Another strand exists where, although the charged misconduct does not itself involve an ongoing system of criminal activity, nevertheless the prior uncharged misconduct evidence, taken together with other connecting evidence, permits the inference that the prior misconduct evidence itself forms part of an overall predetermined plan, scheme or design of which the charged offense is a part. Thus, in State v. Shindell, supra, 135-36, the defendant was charged, in part, with two counts of arson of a particular building, and the court found no error in admitting evidence that the defendant and his agents had within the previous year attempted to burn and collect insurance on other buildings in which the defendant had a financial interest similar to the financial interest held by him in the building that he was accused of burning. The Supreme Court held that "the trial court could reasonably conclude that the other crimes evidence was relevant and material to show `a larger continuing plan, scheme, or conspiracy, of which the present crime[s] on trial [were] a part.' McCormick, supra, p. 448." Id., 136. A footnote in State v. Shindell, supra, further "illustrates the larger plan or scheme exception to the general prohibition against evidence of other crimes or misconduct: `In the prosecution of D for arson of building A, evidence that D had wrongfully burned building B would be relevant, if coupled with other evidence to show that D had a plan (scheme or design) to destroy these buildings in order to collect insurance proceeds.' (Emphasis in original.)" Id., 134 n. 5, quoting Lilly, An Introduction to the Law of Evidence 45, p. 133.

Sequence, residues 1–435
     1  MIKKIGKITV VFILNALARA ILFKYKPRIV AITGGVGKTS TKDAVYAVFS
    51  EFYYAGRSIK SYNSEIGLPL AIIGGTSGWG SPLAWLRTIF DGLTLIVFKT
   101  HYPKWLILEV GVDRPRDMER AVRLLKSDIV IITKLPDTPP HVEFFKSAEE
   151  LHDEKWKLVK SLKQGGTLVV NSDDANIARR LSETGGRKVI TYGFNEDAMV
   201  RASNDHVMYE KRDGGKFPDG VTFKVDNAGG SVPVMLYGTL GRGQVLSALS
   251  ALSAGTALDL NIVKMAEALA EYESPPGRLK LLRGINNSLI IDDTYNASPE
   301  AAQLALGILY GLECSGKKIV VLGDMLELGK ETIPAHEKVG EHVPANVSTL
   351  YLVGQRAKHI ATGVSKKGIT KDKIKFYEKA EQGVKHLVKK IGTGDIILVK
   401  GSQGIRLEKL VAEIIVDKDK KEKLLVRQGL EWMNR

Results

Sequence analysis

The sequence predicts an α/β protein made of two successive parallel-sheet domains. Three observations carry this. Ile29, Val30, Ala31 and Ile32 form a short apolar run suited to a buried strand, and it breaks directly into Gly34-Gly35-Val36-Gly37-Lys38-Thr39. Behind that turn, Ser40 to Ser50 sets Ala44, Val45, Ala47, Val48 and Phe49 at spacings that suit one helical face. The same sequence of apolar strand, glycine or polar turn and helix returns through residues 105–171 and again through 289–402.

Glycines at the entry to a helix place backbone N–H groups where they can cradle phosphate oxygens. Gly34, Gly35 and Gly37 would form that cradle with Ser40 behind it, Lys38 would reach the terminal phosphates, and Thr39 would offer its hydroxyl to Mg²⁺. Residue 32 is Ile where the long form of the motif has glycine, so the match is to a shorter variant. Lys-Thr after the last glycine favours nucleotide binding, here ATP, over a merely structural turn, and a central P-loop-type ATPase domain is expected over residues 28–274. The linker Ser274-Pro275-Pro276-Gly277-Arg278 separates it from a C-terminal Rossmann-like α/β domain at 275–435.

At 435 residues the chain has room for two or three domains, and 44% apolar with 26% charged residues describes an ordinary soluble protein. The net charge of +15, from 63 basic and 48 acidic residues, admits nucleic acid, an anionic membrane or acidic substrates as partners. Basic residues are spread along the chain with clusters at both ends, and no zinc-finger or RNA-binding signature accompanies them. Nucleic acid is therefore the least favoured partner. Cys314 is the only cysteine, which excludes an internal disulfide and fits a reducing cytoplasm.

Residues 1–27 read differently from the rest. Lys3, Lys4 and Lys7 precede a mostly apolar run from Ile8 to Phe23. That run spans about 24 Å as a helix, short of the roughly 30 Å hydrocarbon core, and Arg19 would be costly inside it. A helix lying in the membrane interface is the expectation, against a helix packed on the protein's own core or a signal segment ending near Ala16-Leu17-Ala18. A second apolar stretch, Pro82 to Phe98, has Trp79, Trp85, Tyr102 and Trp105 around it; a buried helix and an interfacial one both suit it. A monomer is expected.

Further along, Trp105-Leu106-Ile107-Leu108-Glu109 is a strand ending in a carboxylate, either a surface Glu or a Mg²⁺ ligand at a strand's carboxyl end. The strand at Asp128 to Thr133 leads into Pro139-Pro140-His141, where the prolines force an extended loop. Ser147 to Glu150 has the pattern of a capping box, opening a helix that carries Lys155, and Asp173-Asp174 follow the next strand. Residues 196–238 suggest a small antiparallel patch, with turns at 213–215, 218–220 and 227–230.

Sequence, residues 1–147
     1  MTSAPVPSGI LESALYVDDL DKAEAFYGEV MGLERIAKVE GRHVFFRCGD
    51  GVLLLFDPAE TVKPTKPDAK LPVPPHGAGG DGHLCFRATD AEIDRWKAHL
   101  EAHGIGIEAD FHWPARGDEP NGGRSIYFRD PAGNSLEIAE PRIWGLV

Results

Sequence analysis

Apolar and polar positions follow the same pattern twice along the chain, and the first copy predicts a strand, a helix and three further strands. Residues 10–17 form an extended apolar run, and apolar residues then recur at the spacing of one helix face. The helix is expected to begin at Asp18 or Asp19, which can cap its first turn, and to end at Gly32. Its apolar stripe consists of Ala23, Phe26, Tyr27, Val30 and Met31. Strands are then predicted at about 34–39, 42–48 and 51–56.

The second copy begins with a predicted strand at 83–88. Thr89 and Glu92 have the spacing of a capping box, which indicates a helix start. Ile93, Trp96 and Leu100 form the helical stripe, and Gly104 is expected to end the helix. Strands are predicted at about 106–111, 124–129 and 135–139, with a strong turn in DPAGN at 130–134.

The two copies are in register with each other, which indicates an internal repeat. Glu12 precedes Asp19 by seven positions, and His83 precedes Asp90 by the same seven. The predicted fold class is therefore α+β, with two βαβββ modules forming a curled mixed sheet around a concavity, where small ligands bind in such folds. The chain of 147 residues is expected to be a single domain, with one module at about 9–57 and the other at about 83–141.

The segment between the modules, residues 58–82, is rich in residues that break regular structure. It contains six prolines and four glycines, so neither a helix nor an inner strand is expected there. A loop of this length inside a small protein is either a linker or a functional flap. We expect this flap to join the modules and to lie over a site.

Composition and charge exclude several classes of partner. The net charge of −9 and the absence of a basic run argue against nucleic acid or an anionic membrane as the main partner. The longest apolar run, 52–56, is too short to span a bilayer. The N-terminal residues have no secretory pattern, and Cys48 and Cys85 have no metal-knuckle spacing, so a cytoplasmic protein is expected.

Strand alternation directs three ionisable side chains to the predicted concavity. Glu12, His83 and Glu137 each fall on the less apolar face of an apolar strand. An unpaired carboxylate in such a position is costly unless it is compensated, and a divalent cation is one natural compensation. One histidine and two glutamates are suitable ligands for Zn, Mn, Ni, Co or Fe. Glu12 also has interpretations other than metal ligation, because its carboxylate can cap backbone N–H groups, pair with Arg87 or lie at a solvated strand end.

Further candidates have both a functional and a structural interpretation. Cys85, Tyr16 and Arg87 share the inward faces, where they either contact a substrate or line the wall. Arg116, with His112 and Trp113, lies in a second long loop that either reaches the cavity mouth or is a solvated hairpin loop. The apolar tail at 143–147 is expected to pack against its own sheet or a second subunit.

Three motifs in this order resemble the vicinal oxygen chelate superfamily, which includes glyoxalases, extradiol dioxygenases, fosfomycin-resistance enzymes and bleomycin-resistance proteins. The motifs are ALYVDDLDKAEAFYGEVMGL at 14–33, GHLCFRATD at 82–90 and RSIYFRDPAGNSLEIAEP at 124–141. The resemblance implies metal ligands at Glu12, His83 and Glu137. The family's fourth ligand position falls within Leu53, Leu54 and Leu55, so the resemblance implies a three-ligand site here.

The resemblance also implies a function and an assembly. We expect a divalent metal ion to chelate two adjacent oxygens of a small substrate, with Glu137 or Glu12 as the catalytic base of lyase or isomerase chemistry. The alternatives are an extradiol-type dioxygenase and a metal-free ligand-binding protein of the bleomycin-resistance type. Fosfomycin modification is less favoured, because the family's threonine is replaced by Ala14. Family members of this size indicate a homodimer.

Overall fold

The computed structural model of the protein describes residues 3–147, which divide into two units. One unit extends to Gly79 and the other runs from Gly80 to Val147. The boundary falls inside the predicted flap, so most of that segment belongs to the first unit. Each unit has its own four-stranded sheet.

A third strand exists where the crime charged is sexual in nature, and the uncharged misconduct is also sexual and is close in time, similar to the crime charged and involves a person similar to the prosecuting witness. Thus, in State v. Hauck, 172 Conn. 140, 374 A.2d 150 (1976), the defendant, a teacher, was charged with sexually touching and with photographing a student, inducing her participation with the promise of a passing grade. The court found no error in the admission of testimony that during the same school year the defendant had sexually touched another student, inducing her consent by the promise of a passing grade. The court cited with approval several "decisions in other jurisdictions indicat[ing] a greater liberality in admitting evidence of other criminal acts to show a common scheme, pattern or design in sex-related crimes." Id., 145. This strand was further articulated in State v. Esposito, supra, 169-70, where the court held that "evidence of prior sex offenses committed with persons other than the prosecuting witness is admissible to show a common design or plan where the prior offenses: (1) are not too remote in time; (2) are similar to the offense charged; and (3) are committed upon persons similar to the prosecuting witness." Under this view, the requirement that the prior misconduct be "similar to the offense charged" means that "the prior offense was sufficiently similar to the offense charged to show a pattern or common design. . . ." Id., 170.
A fourth strand exists where the uncharged misconduct evidence is admitted to disprove a defense raised by the defendant, and the nature of the defense is such that the uncharged misconduct evidence is relevant to the issue raised by that defense. Thus, in State v. Carter, 198 Conn. 386, 393, 503 A.2d 576 (1986), the defendant raised the defense of insanity to the charge of murder. The court found no error in the admission of evidence of a prior murder conviction, ruling that "[w]here insanity has been raised as a defense to a crime, other misconduct bearing upon that issue is similarly admitted as an exception to the general prohibitions against such evidence. Once the insanity defense is asserted by a defendant the state is entitled to use relevant evidence of prior crimes to rebut it." Id.
A fifth strand exists where, because of the nature of the charged offense, the inherent difficulties of obtaining direct evidence bearing on one or more elements of that offense mandate a more relaxed standard in the admission of uncharged misconduct evidence. Thus, in State v. Tucker, 181 Conn. 406, 435 A.2d 986 (1980), the defendant was charged with the murder of and risk of injury to an infant. The court found no error in the admission of evidence of prior acts of physical abuse by the defendant on the victim as relevant to establish "a pattern of behavior and an attitude toward the child that is indicative of the defendant's state of mind." Id., 415.